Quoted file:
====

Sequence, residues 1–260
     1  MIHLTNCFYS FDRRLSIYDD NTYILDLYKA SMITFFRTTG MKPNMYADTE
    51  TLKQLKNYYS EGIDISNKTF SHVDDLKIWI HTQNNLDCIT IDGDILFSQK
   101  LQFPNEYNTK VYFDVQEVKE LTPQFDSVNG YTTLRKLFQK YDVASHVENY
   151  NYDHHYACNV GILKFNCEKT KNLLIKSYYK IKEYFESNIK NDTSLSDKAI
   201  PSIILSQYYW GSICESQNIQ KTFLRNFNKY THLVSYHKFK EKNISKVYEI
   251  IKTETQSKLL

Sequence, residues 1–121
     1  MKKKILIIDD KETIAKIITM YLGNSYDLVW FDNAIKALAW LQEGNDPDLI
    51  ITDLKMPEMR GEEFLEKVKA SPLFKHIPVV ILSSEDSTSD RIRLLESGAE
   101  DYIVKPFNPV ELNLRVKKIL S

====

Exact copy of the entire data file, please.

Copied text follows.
Sequence, residues 1–260
     1  MIHLTNCFYS FDRRLSIYDD NTYILDLYKA SMITFFRTTG MKPNMYADTE
    51  TLKQLKNYYS EGIDISNKTF SHVDDLKIWI HTQNNLDCIT IDGDILFSQK
   101  LQFPNEYNTK VYFDVQEVKE LTPQFDSVNG YTTLRKLFQK YDVASHVENY
   151  NYDHHYACNV GILKFNCEKT KNLLIKSYYK IKEYFESNIK NDTSLSDKAI
   201  PSIILSQYYW GSICESQNIQ KTFLRNFNKY THLVSYHKFK EKNISKVYEI
   251  IKTETQSKLL

Sequence, residues 1–121
     1  MKKKILIIDD KETIAKIITM YLGNSYDLVW FDNAIKALAW LQEGNDPDLI
    51  ITDLKMPEMR GEEFLEKVKA SPLFKHIPVV ILSSEDSTSD RIRLLESGAE
   101  DYIVKPFNPV ELNLRVKKIL S